Summary: A masked maniac stalks a group of college students at a Halloween amusement park.
Review: Hell Fest is plainly up-front about its throwback-slasher aspirations, complete with a sexy young cast, a silent masked murderer, and an anemic story. Our group of nubile kids du jour is headed up by Natalie (Amy Forsyth), an unassuming goody-goody who may as well have “Final Girl” tattooed on her forehead. Also along for the shenanigans are Natalie’s BFF Brooke (Reign Edwards), gung-ho horror fan Taylor (Bex Taylor-Klaus, giving the movie’s only memorable performance), and three hunky love interests not worth naming. When the crew arrives at the titular theme park, Natalie begins to suspect one of the costumed ‘killers’ of being the real deal, to the disbelief of her friends. But when the hooded figure starts picking off the characters in order of how many lines they’re given, Natalie and the others must fight to escape with their lives.
As the name implies, the real star of Hell Fest is the park itself, whose macabre stylings and aggressive troupe of actors will be instantly recognizable to anyone who’s ever visited such a place. But this turns out to be a double-edged sword, as it creates the problem of the movie being about something fun without being fun itself. Going to a haunted amusement park? A blast. Watching people go to a haunted amusement park? Not so much. Had the movie been better-paced, this might have not been an issue, but we’re forced to spend a good half-hour watching our protagonists wait in line, go on rides, and get their pictures taken before any of them get killed; and they aren’t good enough company to make these scenes anything more than a slog. Things liven up a bit when the murderer makes his inevitable entrance, but the movie never uses him and his unique setting as cleverly as it should.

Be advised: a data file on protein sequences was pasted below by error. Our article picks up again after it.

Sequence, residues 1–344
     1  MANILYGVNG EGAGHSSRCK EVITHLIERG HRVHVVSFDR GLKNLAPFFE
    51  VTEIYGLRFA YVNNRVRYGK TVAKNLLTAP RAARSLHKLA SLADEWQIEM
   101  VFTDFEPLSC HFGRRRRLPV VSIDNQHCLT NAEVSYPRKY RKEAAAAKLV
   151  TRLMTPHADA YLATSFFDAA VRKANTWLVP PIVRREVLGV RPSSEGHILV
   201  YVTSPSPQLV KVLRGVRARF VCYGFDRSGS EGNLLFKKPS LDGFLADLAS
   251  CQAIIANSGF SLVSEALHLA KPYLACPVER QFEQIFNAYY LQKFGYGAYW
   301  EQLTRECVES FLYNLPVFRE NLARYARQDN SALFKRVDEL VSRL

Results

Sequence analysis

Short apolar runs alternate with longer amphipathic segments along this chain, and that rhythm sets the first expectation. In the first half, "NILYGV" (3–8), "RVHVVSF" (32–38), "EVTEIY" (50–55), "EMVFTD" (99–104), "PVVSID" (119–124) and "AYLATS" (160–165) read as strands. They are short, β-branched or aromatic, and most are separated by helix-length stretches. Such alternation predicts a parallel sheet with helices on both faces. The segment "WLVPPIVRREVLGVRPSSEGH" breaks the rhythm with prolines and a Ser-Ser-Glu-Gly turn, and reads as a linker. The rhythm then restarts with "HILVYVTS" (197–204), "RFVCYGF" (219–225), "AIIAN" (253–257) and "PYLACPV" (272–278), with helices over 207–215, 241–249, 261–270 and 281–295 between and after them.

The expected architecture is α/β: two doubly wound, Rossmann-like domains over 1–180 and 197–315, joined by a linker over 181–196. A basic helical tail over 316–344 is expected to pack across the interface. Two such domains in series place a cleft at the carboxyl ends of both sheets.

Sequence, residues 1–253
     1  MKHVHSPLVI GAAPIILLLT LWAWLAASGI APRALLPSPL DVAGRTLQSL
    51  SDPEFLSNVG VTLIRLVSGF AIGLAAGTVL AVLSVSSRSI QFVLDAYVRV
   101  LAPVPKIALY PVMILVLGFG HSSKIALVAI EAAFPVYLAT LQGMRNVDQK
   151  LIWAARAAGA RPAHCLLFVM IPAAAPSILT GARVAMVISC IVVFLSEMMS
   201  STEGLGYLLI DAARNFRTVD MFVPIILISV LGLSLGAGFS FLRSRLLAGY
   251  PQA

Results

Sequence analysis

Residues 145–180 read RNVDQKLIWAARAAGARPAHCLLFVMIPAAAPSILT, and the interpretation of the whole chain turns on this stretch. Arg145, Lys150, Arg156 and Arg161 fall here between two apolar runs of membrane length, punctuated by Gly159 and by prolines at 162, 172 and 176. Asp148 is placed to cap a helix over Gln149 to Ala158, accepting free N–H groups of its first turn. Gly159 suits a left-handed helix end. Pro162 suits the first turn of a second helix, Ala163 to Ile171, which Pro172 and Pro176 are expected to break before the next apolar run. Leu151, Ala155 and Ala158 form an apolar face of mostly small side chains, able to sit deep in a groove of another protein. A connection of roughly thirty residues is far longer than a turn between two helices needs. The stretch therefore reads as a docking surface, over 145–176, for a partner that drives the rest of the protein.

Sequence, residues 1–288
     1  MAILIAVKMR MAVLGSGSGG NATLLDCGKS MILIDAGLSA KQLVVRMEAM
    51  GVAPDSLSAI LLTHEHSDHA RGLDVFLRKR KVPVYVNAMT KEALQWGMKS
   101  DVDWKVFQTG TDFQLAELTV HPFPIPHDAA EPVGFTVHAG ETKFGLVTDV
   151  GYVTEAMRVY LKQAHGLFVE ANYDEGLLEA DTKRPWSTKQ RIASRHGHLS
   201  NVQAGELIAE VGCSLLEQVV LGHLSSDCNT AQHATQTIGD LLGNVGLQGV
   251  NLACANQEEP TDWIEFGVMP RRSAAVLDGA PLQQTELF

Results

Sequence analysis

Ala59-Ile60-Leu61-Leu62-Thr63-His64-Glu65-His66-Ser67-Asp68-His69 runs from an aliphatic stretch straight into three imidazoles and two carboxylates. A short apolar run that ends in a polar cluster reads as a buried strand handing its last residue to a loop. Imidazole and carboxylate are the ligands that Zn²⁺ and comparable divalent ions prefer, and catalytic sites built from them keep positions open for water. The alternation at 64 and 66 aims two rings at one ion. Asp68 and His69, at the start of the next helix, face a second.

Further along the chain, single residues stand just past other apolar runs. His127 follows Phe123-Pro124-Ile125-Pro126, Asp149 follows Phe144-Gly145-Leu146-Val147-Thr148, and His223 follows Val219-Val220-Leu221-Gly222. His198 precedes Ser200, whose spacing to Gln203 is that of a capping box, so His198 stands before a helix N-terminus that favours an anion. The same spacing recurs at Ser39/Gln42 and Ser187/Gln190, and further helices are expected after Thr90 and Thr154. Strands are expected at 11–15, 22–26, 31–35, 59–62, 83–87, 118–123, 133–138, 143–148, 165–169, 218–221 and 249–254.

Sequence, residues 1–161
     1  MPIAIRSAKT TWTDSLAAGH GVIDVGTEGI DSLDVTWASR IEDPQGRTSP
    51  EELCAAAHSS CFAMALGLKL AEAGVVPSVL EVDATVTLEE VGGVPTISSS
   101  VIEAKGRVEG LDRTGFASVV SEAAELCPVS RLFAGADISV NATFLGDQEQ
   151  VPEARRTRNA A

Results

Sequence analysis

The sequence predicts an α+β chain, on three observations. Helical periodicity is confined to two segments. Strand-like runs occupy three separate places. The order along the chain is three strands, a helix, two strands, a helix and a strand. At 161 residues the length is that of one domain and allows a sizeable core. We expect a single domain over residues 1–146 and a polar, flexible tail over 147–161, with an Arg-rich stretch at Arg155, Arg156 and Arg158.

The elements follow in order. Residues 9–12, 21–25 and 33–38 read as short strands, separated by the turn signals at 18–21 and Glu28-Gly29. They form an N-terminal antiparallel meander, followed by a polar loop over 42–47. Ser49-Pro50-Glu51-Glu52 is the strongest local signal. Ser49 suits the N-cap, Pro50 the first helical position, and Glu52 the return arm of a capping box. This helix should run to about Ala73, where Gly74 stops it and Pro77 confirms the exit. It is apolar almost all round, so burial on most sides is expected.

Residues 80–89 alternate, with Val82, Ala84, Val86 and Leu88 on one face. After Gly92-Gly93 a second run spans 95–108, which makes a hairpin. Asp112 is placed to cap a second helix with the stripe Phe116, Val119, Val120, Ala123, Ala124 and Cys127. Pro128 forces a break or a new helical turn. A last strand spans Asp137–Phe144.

Hell Fest isn’t a terrible movie, but it’s an aggressively forgettable one. Even the most nascent of horror fans will be able to predict the plot’s by-the-numbers proceedings, but this overfamiliarity isn’t what kills the movie. I’ve always believed that even the most generic of movie set-ups can sing with the right execution, and this goes double for the horror genre. But there’s so little meat on Hell Fest’s already brittle bones that it becomes impossible to recommend. It’s entirely outshined by the movies it’s mimicking, themselves hardly masterworks of cinema but guilty pleasures that knew how to entertain. Hell Fest offers almost none of the thrills of those movies; its kills are bland and not nearly gory enough, its characters are cyphers instead of larger-than-life types, and it deprives the audience of the leading lady vs. killer showdown they’re all expecting. A brief coda adds a bit of unexpected spice, but it’s far too little too late.
The Verdict: Hell Fest offers the minimum requirement of horror movie competence, but little else. I give it four midway madmen out of ten.
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